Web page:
(5) An AlN ring 12 of peripheral dimensions 30 mm square, the same as AlN substrate 10, is fabricated by sintering, and one of its faces is coated with a paste whose main components are molybdenum and manganese. The ring is heat-treated at a maximum temperature of approximately 900 C. to form a sealing solder section molybdenum-manganese layer 221. Nickel is electroplated onto the surface of the molybdenum-manganese layer 221 to form a nickel layer 222.

(6) The AlN ring 12 completed as above, the signal-line Kovar pins 13 and the AlN substrate 10 are bonded together with sealing glass 17. In order to assure reliability, the glass was required to have a coefficient of thermal expansion near to those of other structural materials. The glass used (containing 15% zinc oxide, 55% boron oxide, 10% lead oxide, 16% silicon oxide by weight along with alumina and zinc fluoride) has a coefficient of thermal expansion of approximately 510-6 /C., near the coefficient of thermal expansion of silicon of approximately 210-6 /C., that of AlN of approximately 410-6 /C., and that of Kovar of approximately 4.510-6 /C. Furthermore, while normal glass must be bonded in an oxidizing atmosphere, the nickel on the surface of the AlN substrate 10 or the AlN ring 12 is easily oxidized and has properties which impair solderability, so the glass was selected to be specifically able to be bonded in a nitrogen atmosphere. Furthermore, the working temperature must be a temperature at which the already bonded solder would not be remelted. The above glass satisfies all of these requirements, so the bonding is carried out in a nitrogen atmosphere at a maximum temperature of 600 C. Note that the melting point of the eutectic solder is 779 C.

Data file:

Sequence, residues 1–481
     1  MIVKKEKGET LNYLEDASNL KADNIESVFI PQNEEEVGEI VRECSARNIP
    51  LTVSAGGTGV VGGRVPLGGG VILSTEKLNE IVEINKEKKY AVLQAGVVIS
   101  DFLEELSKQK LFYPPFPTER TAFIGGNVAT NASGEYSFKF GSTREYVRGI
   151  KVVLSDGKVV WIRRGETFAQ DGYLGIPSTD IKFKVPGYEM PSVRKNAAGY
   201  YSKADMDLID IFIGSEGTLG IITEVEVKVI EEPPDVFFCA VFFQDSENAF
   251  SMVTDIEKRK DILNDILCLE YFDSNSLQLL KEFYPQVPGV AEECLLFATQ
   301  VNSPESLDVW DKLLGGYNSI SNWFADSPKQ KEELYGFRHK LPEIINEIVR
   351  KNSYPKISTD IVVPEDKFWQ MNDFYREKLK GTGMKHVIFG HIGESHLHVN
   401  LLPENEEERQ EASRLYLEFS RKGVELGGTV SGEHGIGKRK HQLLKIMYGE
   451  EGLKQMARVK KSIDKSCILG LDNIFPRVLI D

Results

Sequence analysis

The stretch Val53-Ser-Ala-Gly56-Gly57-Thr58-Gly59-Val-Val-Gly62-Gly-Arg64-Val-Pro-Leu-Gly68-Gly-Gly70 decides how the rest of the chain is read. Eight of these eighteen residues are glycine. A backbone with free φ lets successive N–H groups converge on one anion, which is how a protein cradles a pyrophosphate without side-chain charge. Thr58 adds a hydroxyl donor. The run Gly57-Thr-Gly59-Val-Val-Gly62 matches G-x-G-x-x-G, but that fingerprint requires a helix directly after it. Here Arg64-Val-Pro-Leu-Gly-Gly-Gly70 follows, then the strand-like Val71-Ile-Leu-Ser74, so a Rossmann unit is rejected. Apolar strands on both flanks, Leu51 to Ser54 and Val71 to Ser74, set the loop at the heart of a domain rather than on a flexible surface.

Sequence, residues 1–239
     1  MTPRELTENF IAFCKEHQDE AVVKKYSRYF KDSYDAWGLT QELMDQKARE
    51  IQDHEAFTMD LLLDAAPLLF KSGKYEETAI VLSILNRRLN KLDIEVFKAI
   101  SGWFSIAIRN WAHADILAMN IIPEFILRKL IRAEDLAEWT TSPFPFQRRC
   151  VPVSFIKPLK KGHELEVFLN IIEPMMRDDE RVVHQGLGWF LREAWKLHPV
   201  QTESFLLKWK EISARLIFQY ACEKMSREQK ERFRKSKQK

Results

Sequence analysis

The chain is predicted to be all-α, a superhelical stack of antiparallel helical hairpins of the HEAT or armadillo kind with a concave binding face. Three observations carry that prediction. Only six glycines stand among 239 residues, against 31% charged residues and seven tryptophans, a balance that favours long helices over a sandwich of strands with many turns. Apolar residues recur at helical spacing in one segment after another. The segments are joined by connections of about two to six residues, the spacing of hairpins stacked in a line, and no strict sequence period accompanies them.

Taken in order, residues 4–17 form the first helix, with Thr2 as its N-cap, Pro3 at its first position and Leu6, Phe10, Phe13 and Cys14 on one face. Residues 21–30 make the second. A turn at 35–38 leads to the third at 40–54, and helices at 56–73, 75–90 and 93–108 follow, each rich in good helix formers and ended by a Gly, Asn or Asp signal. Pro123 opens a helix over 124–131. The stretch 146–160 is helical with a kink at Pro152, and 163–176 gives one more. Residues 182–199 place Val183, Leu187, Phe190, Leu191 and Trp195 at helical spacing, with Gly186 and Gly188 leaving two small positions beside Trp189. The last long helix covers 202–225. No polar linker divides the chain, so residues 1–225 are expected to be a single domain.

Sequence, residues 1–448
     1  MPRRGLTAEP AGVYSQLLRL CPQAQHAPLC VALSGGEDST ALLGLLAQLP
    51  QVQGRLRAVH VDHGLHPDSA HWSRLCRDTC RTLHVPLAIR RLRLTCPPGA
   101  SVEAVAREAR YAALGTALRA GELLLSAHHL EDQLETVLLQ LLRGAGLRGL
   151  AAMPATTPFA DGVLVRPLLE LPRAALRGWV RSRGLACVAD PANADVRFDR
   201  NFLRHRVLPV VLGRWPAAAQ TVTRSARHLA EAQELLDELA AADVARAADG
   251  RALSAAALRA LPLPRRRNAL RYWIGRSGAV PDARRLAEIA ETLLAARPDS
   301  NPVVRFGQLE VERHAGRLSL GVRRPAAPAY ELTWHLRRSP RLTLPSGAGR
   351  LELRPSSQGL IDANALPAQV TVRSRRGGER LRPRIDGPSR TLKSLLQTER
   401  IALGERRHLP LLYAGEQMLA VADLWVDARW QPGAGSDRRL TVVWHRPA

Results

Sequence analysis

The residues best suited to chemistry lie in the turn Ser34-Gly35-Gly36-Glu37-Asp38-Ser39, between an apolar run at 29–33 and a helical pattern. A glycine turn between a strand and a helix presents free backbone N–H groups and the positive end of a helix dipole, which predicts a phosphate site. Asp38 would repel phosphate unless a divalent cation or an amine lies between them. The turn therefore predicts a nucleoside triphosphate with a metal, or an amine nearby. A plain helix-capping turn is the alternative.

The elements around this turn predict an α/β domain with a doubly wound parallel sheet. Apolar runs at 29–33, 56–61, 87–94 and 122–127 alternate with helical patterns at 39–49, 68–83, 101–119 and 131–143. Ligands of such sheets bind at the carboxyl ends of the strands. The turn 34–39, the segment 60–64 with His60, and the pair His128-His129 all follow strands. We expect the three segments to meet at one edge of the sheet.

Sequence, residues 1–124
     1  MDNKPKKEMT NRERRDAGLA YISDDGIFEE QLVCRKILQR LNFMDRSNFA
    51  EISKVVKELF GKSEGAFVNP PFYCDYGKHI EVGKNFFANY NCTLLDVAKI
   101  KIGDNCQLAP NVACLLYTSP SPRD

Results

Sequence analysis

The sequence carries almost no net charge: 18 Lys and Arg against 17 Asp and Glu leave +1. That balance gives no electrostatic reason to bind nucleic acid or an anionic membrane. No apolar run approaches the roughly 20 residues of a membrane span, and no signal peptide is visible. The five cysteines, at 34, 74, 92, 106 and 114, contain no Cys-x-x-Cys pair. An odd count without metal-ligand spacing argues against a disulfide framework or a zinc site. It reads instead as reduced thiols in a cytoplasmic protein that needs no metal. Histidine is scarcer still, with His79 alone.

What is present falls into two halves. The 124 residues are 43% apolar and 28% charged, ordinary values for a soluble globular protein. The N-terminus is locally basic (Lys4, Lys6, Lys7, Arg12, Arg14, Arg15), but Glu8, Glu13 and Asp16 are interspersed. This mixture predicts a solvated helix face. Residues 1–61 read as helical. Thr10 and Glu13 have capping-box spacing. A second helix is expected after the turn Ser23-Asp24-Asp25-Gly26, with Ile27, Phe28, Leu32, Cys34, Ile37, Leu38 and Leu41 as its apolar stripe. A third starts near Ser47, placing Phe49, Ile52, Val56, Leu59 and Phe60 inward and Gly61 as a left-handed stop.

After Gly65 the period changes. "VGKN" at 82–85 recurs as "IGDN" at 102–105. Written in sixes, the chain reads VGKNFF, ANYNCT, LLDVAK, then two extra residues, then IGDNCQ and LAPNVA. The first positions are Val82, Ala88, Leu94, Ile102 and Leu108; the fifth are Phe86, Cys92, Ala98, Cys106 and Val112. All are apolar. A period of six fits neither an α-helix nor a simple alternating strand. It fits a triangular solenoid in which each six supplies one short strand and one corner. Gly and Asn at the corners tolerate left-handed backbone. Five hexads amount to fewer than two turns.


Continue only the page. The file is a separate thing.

(7) Next the die-bonding section 20, substrate-side bonding pad 18 and pin-side bonding pad 19 are electroplated with gold to cover their surfaces with gold.

(8) The AlN substrate 10 is heated to approximately 400 C. and the silicon semiconductor device 1 is pushed against the surface gold layer (not shown) of the die-bonding section 20 and rubbed while nitrogen gas is blown in. The silicon and gold melt together to form a gold-silicon eutectic layer 203, and the bonding is complete.

(9) Using thin aluminum wire of 20 μm in diameter, wire bonding is carried out using ultrasonic bonding.